Dr. Christoph Federrath
Monash University, Clayton (Australia)
Local Project ID:
HPC Platform used:
SuperMUC of LRZ
To advance the so far limited knowledge of density probability distribution function and the power spectrum of compressible, supersonic turbulence, a team of astrophysicists compared hydrodynamic models with numerical resolutions of 2563–40963 mesh points and with two distinct driving mechanisms, solenoidal (divergence-free) driving and compressive (curl-free) driving. By doing so, the scientists ran the world's largest simulation of supersonic turbulence on GCS supercomputers.
Compressible turbulence shapes the structure of the interstellar medium of our Galaxy and likely plays an important role also during structure formation in the early Universe. The density probability distribution function (PDF) and the power spectrum of such compressible, supersonic turbulence are the key ingredients for theories of star formation. However, both the PDF and the spectrum are still a matter of debate, because theoretical predictions are limited and simulations of supersonic turbulence require enormous resolutions to capture the inertial-range scaling. To advance our limited knowledge of compressible turbulence, scientists from the Institute of Theoretical Astrophysics of the University of Heidelberg and from the School of Mathematical Sciences of Monash University in Melbourne under leadership of Dr. Christoph Federrath present and analyse the world's largest simulations of supersonic turbulence, achieved on GCS HPC-System SuperMUC of Leibniz Supercomputing Centre. The astrophysicists compare hydrodynamic models with numerical resolutions of 2563–40963 mesh points and with two distinct driving mechanisms, solenoidal (divergence-free) driving and compressive (curl-free) driving. The scientists find convergence of the density PDF, with compressive driving exhibiting a much wider and more intermittent density distribution than solenoidal driving by fitting to a recent theoretical model for intermittent density PDFs. Analysing the power spectrum of the turbulence, the astrophysicists find a pure velocity scaling close to Burgers turbulence with P(v) ∝ k−2 for both driving modes in our hydrodynamical simulations with Mach number M=17. The spectrum of the density-weighted velocity ρ1/3v, however, does not provide the previously suggested universal scaling for supersonic turbulence. The scientists find that the power spectrum P(ρ1/3v) scales with wavenumber as k−1.74 for solenoidal driving, close to incompressible Kolmogorov turbulence (k−5/3), but is significantly steeper with k−2.10 for compressive driving, and they show that this is consistent with a recent theoretical model for compressible turbulence that predicts P(ρ1/3v) ∝ k−19/9 in the presence of a strong ∇⋅v component as is produced by compressive driving and remains remarkably constant throughout the supersonic turbulent cascade.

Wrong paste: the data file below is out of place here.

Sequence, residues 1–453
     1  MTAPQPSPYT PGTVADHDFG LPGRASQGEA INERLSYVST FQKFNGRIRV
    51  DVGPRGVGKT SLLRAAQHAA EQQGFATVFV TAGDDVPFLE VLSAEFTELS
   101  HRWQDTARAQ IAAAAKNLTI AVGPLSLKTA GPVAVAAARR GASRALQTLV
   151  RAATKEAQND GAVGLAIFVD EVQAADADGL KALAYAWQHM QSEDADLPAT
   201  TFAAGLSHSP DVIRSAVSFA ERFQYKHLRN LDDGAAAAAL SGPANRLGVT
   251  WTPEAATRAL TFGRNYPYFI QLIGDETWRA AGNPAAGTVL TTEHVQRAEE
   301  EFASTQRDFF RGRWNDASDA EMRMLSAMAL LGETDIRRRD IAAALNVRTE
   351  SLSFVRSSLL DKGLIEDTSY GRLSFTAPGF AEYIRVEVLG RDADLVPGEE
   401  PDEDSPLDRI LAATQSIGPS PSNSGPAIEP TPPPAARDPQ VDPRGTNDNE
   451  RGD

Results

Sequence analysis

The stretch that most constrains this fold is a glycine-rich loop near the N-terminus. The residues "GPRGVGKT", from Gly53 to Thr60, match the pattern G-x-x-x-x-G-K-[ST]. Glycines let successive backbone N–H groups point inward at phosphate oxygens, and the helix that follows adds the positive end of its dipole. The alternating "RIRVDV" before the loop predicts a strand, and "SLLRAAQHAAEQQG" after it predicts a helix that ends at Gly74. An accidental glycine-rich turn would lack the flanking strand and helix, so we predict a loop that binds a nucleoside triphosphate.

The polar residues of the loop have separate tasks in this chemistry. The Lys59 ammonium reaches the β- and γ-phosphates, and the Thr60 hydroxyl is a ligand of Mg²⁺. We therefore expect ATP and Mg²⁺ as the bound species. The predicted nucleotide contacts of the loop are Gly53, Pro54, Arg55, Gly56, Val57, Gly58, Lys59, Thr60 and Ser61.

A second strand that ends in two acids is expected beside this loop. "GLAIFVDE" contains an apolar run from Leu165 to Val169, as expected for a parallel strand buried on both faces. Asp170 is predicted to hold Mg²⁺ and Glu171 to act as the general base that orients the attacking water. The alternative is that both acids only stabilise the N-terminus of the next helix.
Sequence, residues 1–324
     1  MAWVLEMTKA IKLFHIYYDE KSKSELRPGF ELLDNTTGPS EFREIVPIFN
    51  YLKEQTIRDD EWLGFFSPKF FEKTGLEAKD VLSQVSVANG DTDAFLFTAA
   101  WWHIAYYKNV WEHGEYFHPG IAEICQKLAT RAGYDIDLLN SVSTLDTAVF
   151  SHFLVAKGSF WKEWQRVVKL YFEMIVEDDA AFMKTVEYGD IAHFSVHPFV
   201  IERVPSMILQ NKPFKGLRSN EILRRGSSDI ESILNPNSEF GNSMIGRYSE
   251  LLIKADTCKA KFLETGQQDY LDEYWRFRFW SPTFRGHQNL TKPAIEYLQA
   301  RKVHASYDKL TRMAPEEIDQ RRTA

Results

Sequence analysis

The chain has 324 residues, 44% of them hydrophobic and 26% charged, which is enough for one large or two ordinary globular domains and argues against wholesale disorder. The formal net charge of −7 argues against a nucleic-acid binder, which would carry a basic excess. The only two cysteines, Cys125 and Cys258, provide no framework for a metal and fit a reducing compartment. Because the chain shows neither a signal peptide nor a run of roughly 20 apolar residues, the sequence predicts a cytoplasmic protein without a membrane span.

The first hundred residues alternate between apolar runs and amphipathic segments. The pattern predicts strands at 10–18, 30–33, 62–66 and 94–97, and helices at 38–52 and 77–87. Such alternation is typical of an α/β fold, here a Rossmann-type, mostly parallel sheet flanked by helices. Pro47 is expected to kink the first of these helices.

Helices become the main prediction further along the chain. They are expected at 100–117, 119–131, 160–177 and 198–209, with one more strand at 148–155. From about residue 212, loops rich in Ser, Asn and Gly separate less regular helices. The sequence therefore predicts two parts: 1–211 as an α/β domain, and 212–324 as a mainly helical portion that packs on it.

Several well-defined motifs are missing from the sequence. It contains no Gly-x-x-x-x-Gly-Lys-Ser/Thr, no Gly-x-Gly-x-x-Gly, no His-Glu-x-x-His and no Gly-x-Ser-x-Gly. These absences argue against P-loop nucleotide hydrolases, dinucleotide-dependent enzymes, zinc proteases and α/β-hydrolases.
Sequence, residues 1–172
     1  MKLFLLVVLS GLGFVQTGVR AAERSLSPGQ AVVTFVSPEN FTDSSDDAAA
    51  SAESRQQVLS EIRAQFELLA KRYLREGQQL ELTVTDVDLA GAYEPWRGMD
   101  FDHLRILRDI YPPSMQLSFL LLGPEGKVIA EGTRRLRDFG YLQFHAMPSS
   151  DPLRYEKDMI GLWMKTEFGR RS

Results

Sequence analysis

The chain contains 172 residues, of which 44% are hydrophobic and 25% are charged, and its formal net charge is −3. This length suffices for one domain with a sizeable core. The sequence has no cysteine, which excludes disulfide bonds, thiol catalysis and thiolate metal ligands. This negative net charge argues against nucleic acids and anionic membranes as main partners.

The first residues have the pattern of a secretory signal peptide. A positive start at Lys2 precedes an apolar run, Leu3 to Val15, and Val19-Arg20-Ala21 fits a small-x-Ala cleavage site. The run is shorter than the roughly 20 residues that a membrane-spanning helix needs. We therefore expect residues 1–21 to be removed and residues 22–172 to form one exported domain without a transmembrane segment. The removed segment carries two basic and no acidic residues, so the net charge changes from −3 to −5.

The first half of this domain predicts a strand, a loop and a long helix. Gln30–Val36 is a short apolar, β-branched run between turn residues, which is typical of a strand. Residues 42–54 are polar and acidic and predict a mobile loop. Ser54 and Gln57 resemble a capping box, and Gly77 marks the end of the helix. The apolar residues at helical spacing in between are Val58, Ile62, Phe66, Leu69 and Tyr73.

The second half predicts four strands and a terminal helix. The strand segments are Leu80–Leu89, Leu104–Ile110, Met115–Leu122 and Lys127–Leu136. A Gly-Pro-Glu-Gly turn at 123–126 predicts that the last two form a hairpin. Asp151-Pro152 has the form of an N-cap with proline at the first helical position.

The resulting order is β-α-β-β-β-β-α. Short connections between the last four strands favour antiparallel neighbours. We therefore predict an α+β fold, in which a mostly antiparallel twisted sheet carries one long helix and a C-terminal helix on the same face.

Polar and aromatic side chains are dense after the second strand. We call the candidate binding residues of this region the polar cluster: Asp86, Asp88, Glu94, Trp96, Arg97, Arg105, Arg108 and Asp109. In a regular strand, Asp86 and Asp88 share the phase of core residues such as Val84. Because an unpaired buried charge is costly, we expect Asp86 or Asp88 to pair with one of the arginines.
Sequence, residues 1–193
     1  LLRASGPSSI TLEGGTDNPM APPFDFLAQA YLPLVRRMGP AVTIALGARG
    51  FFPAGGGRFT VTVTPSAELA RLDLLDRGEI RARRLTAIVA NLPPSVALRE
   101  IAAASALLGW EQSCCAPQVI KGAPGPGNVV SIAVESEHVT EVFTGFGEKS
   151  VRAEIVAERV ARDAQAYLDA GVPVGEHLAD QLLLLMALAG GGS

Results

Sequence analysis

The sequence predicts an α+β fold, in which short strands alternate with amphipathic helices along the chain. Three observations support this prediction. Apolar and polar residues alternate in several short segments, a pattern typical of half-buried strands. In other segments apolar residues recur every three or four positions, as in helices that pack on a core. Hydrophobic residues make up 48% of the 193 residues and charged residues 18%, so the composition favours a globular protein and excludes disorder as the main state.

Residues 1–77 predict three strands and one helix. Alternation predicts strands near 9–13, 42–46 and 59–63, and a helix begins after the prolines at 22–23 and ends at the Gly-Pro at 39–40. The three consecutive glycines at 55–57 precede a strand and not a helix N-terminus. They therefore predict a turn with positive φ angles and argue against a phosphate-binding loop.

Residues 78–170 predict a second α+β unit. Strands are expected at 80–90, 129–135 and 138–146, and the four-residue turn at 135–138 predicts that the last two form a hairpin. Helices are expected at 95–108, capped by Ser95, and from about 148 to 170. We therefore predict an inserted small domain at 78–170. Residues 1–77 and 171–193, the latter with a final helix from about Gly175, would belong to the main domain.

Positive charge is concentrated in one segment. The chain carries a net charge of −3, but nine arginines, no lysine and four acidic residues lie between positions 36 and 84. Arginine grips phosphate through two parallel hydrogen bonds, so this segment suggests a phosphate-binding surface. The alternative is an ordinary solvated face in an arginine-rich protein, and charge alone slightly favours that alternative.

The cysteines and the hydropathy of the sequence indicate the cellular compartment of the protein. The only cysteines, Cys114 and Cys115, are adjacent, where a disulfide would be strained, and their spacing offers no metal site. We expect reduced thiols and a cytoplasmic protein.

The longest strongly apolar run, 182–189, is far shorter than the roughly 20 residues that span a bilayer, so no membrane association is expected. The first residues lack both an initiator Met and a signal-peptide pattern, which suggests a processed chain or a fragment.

Dr. Christoph Federrath
School of Mathematical Sciences, Monash University
Clayton, Vic 3800, Australia